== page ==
Unfortunately in our modern society, Gynoid fat metabolism is disrupted by very dangerous molecules called Xenoestrogens – and these act similarly to our own natural hormone, estrogen.

Where Do We Find Xenoestrogens?
These foreign estrogens are passed into our environment through pesticides, herbicides, fungicides, plastics, fuels, car exhausts, dry cleaning chemicals, industrial waste, meat from animals (which have been fattened with estrogenic drugs), and countless other household and personal products. The problem is, we’re in contact with most of the above on a daily basis – and it’s all of these things that contribute to our saddlebags

In fact, they are also responsible for the increasing number of young women who suffer from severe symptoms of estrogen dominance such as PMS, fibrocystic breast disease, bloating, infertility, troublesome menstrual cycles, depression, endometriosis, mood swings and yes… even excessive weight gain! An increasing number of sporadic breast cancer is speculated to be due to toxic levels of Xenoestrogens in our every-day life.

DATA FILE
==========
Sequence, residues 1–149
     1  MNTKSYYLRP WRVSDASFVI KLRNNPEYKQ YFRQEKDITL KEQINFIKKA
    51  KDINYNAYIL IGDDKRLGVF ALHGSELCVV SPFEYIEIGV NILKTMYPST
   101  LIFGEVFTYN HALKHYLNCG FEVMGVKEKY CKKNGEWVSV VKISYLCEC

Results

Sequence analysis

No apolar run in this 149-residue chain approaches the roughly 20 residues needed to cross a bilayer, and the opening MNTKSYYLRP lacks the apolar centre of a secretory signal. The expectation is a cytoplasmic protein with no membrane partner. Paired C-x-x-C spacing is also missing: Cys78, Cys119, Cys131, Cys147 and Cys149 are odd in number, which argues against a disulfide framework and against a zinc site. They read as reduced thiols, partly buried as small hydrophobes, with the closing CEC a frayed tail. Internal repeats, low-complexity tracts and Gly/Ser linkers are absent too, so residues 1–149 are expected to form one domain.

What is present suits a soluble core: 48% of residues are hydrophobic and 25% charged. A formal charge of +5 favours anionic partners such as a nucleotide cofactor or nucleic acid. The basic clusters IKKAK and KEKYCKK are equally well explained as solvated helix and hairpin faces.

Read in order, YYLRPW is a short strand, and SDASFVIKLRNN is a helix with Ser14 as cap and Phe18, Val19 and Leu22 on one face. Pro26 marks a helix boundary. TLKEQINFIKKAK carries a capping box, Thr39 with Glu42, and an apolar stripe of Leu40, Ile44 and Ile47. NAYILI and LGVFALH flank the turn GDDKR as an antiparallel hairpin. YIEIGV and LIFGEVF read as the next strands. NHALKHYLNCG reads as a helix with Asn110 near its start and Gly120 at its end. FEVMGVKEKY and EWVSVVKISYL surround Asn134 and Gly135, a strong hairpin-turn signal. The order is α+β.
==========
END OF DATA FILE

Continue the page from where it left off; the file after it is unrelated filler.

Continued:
Cause & Effect
There are several mechanisms involved in Xenoestrogen activity in our body. Chronic exposure to these estrogens contribute to estrogen dominance – and whenever we have estrogen dominance, there is a higher activity of beta receptors in Gyneoid fat tissue (which is responsible for vasoconstriction and increased fat deposition). This is what we often see in patients taking contraception pills or HRT. Xenoestrogens have a direct epigenetic effect on an estrogen receptor, and they disrupt endogenous estrogen metabolisms.

But one of the main problems is the overburdening of phase 1 and phase 2 liver detoxifications with Xenoestrogens. This has a profound effect on the creation of dangerous estrogens. It’s this overburdening that may also decrease the clearance of Xenoestrogens itself. They are ready to ‘wander around’ and bind to an estrogen receptor.